CANNON BEACH — For sale: Former school property in a tsunami zone. To build or renovate.

City councilors are close to deciding whether or not to purchase the former elementary school that closed in 2013 due to student safety concerns.

The property, which is owned by the Seaside School District, is on the north end of town, south of Ecola Creek and about one-fourth of a mile from the ocean.

While most of the campus is unusable, the gymnasium offers promise for future community activities like concerts and other events.

“The bottom line is the building is in pretty good shape,” said City Manager Brant Kucera, noting the harsh weather the gymnasium has endured. “That is good news if you’re looking to save and restore that building.”

An August report from Amodeo Structural Engineering on the gymnasium was delivered to the City Council earlier this week.

According to the assessment, the wood-framed gym, built in the early 1950s, appears to be in good condition.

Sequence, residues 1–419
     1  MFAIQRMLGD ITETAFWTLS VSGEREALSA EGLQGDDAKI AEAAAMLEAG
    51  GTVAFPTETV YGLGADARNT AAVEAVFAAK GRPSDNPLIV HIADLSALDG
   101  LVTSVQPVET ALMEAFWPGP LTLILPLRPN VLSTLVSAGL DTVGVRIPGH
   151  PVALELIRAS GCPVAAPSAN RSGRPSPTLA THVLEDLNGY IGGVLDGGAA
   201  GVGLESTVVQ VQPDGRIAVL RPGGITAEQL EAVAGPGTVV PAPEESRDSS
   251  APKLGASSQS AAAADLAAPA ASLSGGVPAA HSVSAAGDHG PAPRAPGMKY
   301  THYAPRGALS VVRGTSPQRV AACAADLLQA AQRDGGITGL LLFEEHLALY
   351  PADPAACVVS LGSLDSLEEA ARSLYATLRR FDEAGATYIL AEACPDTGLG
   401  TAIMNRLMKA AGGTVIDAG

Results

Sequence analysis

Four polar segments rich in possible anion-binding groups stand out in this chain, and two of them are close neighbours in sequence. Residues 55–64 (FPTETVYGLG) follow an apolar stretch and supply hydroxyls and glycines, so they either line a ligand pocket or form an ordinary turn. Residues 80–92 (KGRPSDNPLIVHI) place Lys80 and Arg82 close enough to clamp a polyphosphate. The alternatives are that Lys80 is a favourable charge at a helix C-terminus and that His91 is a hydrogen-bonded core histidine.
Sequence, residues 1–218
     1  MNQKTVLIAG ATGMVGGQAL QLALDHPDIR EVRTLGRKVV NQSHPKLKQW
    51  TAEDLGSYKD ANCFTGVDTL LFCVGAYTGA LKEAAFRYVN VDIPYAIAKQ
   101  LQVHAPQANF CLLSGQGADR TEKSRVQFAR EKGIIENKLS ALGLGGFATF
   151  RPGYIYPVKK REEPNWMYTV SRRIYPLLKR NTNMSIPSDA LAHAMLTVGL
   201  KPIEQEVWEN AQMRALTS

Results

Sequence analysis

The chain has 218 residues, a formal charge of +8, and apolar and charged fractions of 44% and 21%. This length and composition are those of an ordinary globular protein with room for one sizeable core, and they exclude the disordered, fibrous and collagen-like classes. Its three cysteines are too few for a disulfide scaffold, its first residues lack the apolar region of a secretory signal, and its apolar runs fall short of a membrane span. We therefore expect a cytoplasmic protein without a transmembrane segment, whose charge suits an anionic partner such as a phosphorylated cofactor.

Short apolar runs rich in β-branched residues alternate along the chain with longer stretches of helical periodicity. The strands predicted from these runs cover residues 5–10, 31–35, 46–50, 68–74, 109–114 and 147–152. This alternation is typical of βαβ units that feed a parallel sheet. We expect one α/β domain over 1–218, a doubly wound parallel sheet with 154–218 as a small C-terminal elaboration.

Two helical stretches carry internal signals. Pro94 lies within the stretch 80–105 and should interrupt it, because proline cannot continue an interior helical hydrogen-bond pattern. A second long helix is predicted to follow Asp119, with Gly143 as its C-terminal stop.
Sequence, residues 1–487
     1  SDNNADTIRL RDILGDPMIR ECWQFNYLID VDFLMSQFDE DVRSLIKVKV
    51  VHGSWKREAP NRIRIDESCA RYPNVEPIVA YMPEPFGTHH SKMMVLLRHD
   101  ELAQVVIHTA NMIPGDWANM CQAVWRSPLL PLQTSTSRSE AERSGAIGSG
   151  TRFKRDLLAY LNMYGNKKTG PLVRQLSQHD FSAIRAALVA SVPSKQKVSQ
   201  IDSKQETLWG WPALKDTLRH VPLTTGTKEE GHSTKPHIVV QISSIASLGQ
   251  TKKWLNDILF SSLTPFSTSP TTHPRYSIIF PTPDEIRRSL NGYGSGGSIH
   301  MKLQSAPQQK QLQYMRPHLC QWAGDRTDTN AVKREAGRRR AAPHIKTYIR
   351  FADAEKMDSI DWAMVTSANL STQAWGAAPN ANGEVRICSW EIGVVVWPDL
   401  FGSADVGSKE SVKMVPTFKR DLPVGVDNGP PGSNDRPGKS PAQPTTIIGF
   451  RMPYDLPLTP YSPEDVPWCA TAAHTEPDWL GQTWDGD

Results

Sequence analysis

The observations “did not reveal any locations of significant damage, distress, deterioration, dry rot or excessive deflection,” the engineering report stated.

Coaster Construction general contractor John Nelson quickly walked through the gymnasium on behalf of the city to roughly estimate the cost of making it habitable and up to code. The cost of interior and exterior renovations, including a 25 percent contingency, would be about $371,000.

“We know very roughly what it would potentially cost,” Kucera said. “It’s yet another thing for you to consider as we move forward with this.”

The $450,000 cost to purchase the property, and $250,000 to demolish the building and restore the lawn, were included as placeholders in the city budget. Instead of demolition, restoring the gymnasium could be an option.

The estimate does not include other costs, such as operating the building, adding restrooms and making aesthetic improvements. Operating costs could be about $50,000 a year.

“For this project, I would envision probably spending the contingency plus,” Public Works Director Dan Grassick said.

Despite costs and the building’s location in the tsunami zone, Kucera said there might be value in investing in the space for the community.

Mayor Sam Steidel said the city could decide what to do with the gymnasium after purchasing the property.

Councilors, who should decide by the end of the year, discussed how the building could become a viable asset for the city and the possibility of residents raising funds for a project.

“Once it becomes occupiable, then you have the potential for fundraising,” Steidel said.


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